The Beginner’s Guide to F1 Travel

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Advice on planning, tickets, travel and accommodation for rookie fans attending their first Formula One Grand Prix.

How much will it cost?

Formula 1 is not a cheap spectator sport, but with careful planning, an F1 holiday doesn’t have to break the bank. A typical minimum expenditure for going to a full F1 race weekend (Friday-Sunday) including tickets, hotel and spending money will set the average fan back around $500-1000 USD, not factoring the cost of travel. If this is too much, general admission tickets for race day only can be had at most races for around $100 USD. Read our Rankings page to find out the cost of an F1 weekend around the world.

Organised tour or DIY?

Both options have their pros and cons, and will appeal to different types of fans. The big considerations are money and time. If you want the complete package with everything organized for you, and are prepared to pay for it, choose an organized tour. You’ll find F1 travel companies in major markets who specialize in organizing tours to F1 races. If you are on a budget and comfortable with independent overseas travel, then go for the DIY option, using our resources to help plan the trip of a lifetime.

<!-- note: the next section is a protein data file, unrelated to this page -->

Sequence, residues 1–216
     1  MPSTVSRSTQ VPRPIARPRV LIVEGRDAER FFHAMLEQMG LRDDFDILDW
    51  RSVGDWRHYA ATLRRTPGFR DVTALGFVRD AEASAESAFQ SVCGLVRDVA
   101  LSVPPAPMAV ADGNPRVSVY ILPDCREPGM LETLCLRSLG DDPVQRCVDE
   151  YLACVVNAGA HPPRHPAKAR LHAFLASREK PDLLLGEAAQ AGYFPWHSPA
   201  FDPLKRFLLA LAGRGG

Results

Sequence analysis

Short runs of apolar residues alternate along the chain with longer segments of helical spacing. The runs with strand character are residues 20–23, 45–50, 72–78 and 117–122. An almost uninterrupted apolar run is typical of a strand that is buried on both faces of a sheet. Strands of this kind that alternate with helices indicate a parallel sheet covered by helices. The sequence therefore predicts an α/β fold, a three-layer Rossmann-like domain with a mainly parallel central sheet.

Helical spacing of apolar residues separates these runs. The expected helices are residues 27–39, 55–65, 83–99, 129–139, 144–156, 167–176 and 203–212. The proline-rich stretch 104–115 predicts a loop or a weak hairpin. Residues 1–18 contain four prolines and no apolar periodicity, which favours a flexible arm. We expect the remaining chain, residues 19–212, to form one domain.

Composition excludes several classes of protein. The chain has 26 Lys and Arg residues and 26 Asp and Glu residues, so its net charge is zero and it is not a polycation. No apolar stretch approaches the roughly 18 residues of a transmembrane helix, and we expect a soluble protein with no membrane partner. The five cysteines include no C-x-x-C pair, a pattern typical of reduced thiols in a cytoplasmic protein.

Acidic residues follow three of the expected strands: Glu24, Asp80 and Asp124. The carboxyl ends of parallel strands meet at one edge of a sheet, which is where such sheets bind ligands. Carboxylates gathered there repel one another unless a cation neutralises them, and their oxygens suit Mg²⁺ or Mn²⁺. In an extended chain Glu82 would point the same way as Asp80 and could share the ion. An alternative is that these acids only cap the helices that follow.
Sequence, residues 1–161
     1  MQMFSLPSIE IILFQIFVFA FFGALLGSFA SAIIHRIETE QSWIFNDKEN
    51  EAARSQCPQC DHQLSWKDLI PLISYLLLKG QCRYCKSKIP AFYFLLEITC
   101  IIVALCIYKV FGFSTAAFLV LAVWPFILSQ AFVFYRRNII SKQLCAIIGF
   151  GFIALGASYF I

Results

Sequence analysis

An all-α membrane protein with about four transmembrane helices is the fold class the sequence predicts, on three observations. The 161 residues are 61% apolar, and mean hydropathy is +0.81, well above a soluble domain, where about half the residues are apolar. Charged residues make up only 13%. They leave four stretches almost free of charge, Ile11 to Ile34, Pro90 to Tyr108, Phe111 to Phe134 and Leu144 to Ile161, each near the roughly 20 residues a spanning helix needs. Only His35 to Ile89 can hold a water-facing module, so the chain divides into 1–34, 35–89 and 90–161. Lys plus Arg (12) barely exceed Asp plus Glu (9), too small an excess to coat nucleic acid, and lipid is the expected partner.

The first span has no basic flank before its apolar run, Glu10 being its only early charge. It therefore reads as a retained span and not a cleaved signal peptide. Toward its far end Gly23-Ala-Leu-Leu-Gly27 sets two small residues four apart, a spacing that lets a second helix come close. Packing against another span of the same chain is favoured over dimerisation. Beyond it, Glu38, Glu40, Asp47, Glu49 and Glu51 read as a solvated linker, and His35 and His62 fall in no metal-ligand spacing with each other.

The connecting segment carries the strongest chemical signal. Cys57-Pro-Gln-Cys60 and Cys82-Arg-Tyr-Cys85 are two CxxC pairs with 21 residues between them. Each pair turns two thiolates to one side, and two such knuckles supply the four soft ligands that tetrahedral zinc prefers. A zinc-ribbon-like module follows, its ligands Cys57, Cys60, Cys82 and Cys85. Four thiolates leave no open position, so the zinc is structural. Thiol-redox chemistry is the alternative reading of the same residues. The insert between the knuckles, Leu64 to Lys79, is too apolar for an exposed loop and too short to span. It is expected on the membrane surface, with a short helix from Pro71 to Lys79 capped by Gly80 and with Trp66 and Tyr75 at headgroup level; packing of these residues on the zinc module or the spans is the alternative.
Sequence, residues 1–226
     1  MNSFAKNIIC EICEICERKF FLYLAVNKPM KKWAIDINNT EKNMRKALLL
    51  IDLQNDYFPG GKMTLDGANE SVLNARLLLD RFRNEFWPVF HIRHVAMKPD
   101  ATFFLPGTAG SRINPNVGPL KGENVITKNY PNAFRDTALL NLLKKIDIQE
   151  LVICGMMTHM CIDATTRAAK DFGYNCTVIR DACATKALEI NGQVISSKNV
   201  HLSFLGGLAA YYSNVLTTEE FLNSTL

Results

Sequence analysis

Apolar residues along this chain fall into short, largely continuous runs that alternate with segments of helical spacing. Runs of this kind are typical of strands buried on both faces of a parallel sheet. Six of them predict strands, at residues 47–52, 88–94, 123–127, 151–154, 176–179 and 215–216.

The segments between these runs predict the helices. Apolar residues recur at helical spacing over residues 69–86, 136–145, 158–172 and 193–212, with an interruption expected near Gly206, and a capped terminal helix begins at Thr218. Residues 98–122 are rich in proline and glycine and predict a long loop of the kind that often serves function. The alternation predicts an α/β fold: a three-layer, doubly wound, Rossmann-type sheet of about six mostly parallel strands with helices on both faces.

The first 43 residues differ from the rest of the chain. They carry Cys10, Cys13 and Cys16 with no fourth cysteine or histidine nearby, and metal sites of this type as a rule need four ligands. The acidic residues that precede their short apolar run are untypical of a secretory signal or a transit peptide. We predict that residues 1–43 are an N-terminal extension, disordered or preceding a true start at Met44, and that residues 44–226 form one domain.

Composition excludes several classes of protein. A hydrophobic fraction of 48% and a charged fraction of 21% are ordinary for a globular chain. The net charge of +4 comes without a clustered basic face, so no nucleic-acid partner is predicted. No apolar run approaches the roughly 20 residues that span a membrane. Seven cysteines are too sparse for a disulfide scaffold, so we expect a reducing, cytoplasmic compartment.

Buying F1 Tickets

After you have decided to go to a race, choosing which ticket to buy – and from where to buy it – is one of your key decisions. Some race organizers handle their own ticket sales via an official channel (e.g. the circuit website), while others outsource to ticket agencies. The quality of customer service, information on available tickets and purchase process can vary in efficiency, depending on the destination.

We co-operate with two of the biggest and most reputable F1 ticket companies, bookF1.com and Gootickets.com, who supply tickets to all the races on the current Formula 1 calendar. We’ve used them ourselves and can vouch for their honesty and professionalism. Read our F1 Tickets page for more information. We also publish a yearly ranking of F1 ticket prices around the world: Malaysia offers F1’s cheapest tickets in 2016, Abu Dhabi most expensive

Getting There